Thrift Is the One Metric That Matters Anymore

By Joseph Szmadzinski  |  Posted 2002-12-01 Email Print this article Print
 
 
 
 
 
 
 

Identifying waste has become the quintessential skill. One likely area of excess: your software portfolio.

For the job I do—advising financially troubled companies how to restructure their technology operations—being able to pinpoint inefficiencies is key. I focus on structural cost reduction—things you can do to lower your cost of doing business, not on a one-time basis but permanently. It helps to look at the information-technology function with an outsider's eye. PDF Download

Think about it. When a company like IBM Global Services or EDS comes in, it's looking to create a profit margin for itself. If an outside contractor offers to run your infrastructure for $20 million, and you're already doing it for that amount, you can be sure you're doing something wrong—because the contractor has a margin of 15% to 30%. So we challenge technology executives to make their operations airtight before paying someone else to run them.

At Ryder System, where I consulted in the mid-'90s and ended up as interim chief information officer (CIO), the company was looking to outsource everything. We realigned the technology infrastructure so that when Ryder did move to the outside contractor, it was an efficient organization that didn't require a lot of time and effort to remake. That conflicted a bit with what some of Ryder's technology managers wanted, but we got it done.

You can't expect everyone to be happy when you're coming into an organization with the mandate to make it better or more efficient. Over the years, I've learned it's best to test an organization's mettle right away. I do this with what I call "quick strikes"—initiatives to see how serious the company is about change. Quick strikes need to be visible—everybody needs to be aware of them. Otherwise they aren't the eye-openers you need.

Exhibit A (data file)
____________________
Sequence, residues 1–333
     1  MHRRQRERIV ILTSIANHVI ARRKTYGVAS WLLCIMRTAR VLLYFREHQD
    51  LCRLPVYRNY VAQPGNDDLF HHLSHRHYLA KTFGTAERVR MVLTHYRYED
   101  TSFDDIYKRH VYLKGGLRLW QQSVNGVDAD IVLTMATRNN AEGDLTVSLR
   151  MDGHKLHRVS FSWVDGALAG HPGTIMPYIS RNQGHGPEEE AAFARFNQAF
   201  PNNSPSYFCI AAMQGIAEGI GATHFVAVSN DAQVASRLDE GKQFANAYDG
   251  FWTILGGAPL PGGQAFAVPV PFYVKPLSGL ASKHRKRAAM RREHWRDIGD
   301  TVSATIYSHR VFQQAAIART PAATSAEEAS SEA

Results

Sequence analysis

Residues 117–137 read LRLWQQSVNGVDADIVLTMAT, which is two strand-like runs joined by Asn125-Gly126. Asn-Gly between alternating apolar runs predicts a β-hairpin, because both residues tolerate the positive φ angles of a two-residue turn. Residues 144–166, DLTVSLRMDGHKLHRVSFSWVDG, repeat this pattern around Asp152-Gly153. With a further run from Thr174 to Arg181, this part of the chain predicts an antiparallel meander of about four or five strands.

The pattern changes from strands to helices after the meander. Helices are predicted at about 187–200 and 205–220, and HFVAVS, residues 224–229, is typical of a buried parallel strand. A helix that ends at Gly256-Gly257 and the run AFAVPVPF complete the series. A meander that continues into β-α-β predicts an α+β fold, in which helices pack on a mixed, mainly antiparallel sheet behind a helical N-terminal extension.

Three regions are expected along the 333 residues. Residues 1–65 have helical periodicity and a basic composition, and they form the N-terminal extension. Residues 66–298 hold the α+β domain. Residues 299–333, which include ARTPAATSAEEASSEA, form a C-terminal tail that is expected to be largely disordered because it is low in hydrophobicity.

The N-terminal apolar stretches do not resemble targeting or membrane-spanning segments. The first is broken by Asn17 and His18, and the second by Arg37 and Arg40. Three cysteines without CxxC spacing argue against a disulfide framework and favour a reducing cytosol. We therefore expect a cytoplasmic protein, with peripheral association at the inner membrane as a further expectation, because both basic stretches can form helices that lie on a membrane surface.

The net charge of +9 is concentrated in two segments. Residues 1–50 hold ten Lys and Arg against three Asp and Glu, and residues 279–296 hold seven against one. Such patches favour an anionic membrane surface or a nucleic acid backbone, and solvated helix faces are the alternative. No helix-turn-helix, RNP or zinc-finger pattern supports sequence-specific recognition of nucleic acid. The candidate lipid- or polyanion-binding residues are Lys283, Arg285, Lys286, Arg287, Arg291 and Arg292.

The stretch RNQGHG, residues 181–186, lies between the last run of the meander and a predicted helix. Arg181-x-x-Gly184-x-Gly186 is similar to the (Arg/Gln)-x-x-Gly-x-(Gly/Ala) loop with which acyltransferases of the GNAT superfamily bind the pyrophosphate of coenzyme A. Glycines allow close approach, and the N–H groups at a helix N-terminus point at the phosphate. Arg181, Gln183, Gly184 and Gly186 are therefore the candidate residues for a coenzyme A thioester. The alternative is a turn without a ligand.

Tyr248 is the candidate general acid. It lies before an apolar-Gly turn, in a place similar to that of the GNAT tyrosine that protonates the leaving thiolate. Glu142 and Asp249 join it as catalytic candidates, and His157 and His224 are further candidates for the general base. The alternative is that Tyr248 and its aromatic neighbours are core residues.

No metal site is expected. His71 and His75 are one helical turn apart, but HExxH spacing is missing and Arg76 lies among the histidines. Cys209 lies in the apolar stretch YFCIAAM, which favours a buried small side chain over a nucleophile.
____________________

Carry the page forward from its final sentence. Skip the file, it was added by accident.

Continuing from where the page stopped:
At Ryder, which was in the midst of a turnaround, one of the quick strikes we did was in telecommunications. We went directly to the vendors Ryder had been working with and proposed a series of changes. In particular, we asked the vendors for better prices and scaled back the repair and maintenance contracts Ryder had with them. And we insisted on doing an audit of the telecom vendors' bills—an exercise that almost always uncovers something of benefit to the customer. It wasn't the normal custom within Ryder, and it shook things up right away. That, of course, was the idea.

Another area that's often ripe for structural cost reduction is a company's portfolio of applications. Most big companies are the products of roll-ups or mergers—it's incredible how many redundant applications you end up with. When you're in bankruptcy—in fact, even when you're doing well—you can't afford to maintain every legacy application. The cost of ownership is too high. In most situations, you can expect to streamline the application portfolio at least 30-40%.

I like to recall a color chart we made while I was the interim CIO at Hayes Lemmerz, the wheel manufacturer. The situation was so severe, there weren't enough colors in Excel's palette to itemize all the company's applications. The software probably has about 60 colors—and we came up with over 90 disparate systems running that organization.

That color chart signified more than just the company's individual systems—it revealed the heart of our business processes. There were probably 15 different financial software systems, a half-dozen engineering systems, a couple of redundant e-mail systems. That wasn't just a problem for my vendors, it was a problem for me. It meant I had redundant people maintaining multiple support systems. In fixing these things, I was solving a monster business problem.

The techniques you use in a bankruptcy or in a major restructuring apply to all businesses—even healthy ones. But when a company is bleeding, and shareholders are in pain, there's a whole different mindset. If you set your mind to it, it's amazing how quickly you can enact change.

—Written with Robert Hertzberg and Joshua Weinberger

Joseph Szmadzinski has been chief information officer at GMAC Residential and The Handleman Company. As a principal at AlixPartners LLC, he helps companies realign their technology operations.



 
 
 
 
 
 
 
 
 
 

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